The Oklahoma Department of Human Services this week approved changes to the state’s child care subsidy program that will increase hardships for struggling low-income working families, threaten access to quality child care, and harm child care providers who serve low-income children. [UPDATE: In late July, the Commission decided to defer a vote on these changes until November]
DHS’ actions were precipitated by budget shortfalls for the upcoming year exceeding $30 million. The Legislature reduced state appropriations to DHS for FY ’12 by a modest $6.0 million, or 1.1 percent, compared to FY ’11. However, the agency also faces the loss of one-time funding in this year’s budget, expected increases in program utilization, and higher employee benefit costs. To balance its budget, DHS proposed a series of measures, which included voluntary buyouts of 231 positions, mostly within its field operations division for children and family services, and cuts in contracts for various social services.
However, the largest program cuts are concentrated on the child care subsidy program. Funded through a combination of federal and state dollars, the subsidy program provides assistance to qualifying families by paying all or part of their child care expenses while parents or caretakers are working, going to school or receiving training. Children may attend licensed child care centers or family child care homes, which are paid a daily amount for subsidized children based on the child’s age and the facility’s quality of care. Families above a certain income level contribute a monthly co-payment. The program currently serves some 37,000 children in just under 24,000 families.
DHS has adopted two major changes aimed at reducing the cost of the child care subsidy program effective August 1, 2011:
- Raising monthly co-payments by 20 to 35 percent depending on income and the number of children in care. The increase is expected to affect some 13,000 families and reduce annual costs for DHS by $5.8 million. Families with income below $850 per month will continue not to have a co-payment obligation;
- Lowering the eligibility threshold for families newly applying for child care subsidies. The maximum monthly income for families not currently receiving subsidies will drop from $2,425 to $2,125 for a family with one child in care; from $2,425 to $2,125 for families with two children in care, and from $3,625 to $2,925 for families with three of more subsidized children. Families in the higher income brackets who are currently receiving benefits will remain eligible. DHS projects annual cost savings of $3.8 million from this measure.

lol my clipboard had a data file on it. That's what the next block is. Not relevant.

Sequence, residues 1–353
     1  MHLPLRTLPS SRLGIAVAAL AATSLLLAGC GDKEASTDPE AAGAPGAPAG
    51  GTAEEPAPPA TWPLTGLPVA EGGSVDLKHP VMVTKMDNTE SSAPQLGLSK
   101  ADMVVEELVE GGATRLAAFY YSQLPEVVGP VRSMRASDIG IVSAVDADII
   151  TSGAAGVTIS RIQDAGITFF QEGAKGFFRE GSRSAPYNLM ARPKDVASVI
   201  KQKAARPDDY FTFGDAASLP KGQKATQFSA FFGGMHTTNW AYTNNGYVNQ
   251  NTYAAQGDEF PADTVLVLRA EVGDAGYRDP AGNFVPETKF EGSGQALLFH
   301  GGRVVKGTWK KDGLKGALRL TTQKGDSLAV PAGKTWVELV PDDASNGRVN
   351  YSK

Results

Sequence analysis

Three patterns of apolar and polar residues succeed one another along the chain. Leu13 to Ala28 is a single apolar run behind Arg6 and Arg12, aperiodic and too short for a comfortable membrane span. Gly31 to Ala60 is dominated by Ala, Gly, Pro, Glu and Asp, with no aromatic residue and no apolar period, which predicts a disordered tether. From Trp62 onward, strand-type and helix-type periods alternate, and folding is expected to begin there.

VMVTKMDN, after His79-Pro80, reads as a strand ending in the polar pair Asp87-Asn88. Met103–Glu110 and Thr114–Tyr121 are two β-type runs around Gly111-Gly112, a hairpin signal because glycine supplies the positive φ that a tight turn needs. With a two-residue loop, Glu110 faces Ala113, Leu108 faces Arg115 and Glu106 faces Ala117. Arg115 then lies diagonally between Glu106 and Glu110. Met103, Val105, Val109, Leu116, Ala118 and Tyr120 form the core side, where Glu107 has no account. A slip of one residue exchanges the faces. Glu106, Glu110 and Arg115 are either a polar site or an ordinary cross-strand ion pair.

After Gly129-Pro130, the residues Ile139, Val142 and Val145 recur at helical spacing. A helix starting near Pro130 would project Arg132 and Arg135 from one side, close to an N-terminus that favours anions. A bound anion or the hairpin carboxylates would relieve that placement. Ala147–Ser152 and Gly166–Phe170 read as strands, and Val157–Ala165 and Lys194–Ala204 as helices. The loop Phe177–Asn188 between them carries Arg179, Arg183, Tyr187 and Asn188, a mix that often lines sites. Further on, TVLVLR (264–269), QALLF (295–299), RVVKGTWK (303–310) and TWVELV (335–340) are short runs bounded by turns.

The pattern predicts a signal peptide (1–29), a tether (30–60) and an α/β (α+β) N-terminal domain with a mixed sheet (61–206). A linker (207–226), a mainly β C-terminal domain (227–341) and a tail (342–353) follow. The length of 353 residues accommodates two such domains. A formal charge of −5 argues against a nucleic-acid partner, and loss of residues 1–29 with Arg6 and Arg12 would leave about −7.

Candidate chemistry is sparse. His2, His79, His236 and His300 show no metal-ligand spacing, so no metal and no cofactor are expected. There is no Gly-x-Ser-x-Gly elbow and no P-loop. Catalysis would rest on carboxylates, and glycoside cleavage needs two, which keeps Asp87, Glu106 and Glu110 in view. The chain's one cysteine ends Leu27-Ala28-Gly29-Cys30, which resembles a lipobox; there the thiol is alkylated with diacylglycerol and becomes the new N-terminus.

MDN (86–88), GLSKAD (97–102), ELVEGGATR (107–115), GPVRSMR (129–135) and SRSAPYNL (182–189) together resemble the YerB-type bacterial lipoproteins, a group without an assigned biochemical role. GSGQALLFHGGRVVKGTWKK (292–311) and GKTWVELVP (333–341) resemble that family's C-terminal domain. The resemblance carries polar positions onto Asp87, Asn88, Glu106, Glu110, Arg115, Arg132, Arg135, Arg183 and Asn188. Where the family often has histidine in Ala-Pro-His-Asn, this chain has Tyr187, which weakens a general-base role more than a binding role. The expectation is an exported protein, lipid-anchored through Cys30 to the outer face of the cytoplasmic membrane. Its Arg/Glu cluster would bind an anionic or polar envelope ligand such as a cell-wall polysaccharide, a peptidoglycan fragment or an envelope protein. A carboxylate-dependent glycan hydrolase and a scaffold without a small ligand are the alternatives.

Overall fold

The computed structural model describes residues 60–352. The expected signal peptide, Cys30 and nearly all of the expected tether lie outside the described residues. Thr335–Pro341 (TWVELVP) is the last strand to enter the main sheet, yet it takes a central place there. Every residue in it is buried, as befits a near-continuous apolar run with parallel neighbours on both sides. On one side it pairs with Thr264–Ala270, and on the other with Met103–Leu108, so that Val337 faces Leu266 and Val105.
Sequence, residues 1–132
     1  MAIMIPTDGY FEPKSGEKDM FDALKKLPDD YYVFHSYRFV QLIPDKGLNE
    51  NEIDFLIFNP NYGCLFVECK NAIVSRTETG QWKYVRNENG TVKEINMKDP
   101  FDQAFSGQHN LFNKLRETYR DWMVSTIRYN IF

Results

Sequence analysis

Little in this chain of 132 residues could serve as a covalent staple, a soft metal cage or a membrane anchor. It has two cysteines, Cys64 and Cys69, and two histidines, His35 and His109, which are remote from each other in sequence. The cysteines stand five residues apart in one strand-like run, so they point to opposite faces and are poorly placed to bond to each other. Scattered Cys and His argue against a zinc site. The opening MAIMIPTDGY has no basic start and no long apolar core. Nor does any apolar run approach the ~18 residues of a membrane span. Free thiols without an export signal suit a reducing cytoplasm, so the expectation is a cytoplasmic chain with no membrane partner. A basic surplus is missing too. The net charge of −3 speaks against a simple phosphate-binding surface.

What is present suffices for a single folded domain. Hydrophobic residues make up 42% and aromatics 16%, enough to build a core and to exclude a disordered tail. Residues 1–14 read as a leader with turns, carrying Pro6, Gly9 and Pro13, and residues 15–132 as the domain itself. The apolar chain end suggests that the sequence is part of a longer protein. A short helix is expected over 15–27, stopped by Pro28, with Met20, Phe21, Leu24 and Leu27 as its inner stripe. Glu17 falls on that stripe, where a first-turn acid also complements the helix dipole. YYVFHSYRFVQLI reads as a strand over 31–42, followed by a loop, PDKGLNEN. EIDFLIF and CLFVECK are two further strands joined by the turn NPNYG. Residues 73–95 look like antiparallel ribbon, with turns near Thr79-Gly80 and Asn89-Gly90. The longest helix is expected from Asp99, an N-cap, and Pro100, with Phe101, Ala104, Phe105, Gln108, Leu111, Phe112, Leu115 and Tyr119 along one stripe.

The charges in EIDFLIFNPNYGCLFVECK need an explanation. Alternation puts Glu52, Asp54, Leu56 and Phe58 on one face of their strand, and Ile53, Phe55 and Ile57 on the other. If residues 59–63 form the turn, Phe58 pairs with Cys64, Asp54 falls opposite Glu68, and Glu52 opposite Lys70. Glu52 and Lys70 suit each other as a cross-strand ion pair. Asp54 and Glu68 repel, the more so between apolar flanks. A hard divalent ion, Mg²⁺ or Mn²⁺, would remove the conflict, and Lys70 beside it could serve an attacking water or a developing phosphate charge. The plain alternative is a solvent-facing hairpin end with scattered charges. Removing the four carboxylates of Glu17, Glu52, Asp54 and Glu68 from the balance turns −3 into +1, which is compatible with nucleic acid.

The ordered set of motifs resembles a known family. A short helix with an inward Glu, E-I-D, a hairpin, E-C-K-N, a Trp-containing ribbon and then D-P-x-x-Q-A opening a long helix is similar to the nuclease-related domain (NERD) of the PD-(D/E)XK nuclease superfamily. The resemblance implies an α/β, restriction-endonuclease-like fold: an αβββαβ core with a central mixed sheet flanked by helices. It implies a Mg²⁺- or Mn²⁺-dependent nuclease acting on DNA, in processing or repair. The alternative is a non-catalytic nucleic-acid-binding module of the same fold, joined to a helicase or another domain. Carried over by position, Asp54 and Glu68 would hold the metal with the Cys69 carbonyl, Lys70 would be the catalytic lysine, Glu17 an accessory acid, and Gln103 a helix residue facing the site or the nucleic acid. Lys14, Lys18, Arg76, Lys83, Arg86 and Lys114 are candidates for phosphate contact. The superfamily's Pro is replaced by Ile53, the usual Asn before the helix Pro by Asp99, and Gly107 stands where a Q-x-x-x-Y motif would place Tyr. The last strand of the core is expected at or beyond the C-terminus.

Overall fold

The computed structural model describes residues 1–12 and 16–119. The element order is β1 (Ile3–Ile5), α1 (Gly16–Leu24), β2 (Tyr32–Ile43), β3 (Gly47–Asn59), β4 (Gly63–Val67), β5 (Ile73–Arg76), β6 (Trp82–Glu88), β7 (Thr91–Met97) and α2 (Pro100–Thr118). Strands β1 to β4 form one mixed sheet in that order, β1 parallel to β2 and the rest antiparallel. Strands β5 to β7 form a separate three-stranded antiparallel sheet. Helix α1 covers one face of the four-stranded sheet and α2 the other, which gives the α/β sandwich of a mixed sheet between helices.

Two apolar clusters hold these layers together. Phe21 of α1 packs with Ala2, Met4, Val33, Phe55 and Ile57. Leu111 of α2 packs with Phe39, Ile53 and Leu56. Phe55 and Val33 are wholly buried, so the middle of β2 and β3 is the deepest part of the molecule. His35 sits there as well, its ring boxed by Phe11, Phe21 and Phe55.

These measures can be expected to have a significant financial impact on low-income working families. For example, the monthly co-payment for a single parent working full-time at $9.50 per hour will increase by $41 – from $162 to $203 – if she has two children in subsidized care. The child care co-payment, equivalent to $1.21 per hour, will now absorb over 12 percent of her wages. Meanwhile, as a result of the eligibility changes, a two-parent family with two children where both parents make the minimum wage of $7.25 per hour will no longer be eligible for subsidized care.
Coming at a time of rising costs for fuel, health insurance, and other household necessities, increased child care expenditures will squeeze already tight family budgets and place greater strain on public and private safety net providers. Faced with higher child care costs, some parents may choose to pull their children out of the system of licensed and subsidized child care in favor of informal and often unstable care arrangements with siblings, neighbors or friends. In other cases, the higher cost of child care may lead parents to stop working entirely – with a consequent loss of family income and, perhaps, a return to the welfare rolls.
The cuts will also affect the bottom line for child care providers, many of which are small locally-owned businesses that are already economically fragile. Many child care providers will lose clients, as higher co-pays and reduced eligibility lead some children to be withdrawn from the system of licensed care entirely. Others will be left to absorb part or all the higher co-payments themselves when families who are already receiving child care are unable to afford a 20 – 35 percent increase. For some providers, also dealing with rising operating costs and rates that have been frozen for several years, the lost revenue may push them out of business entirely.
Was DHS justified in making this decision? The agency clearly faces a shortfall and had its hands partly tied by the Legislature, which passed a bill expressly prohibiting DHS from cutting senior nutrition services, home- and community-based waiver programs, and various other services. Still, as noted by Commissioner Steven Dow, who was one of two commissioners to vote against the agency budget, the agency still has $15 million in carryover TANF (Temporary Assistance to Needy Families) funds that it could have tapped to mitigate the extent of the child care cuts. Linda Terrell, Executive Director of the Oklahoma Institute for Child Advocacy, stated:
State agencies are being asked to make tough decisions, but people working directly with children know the impact of their decisions. It is unfortunate that members of the commission see the value of a surplus over the value of ensuring working families have access to high-quality and safe childcare.
Given the available TANF surplus and a long history of actual expenditures coming in below projections, DHS could have adopted more modest co-payment increases and decided during the year whether additional budget-balancing measures were needed. As it is, this decision will be a serious blow for hard-pressed families trying to pay their bills and ensure quality care for their kids.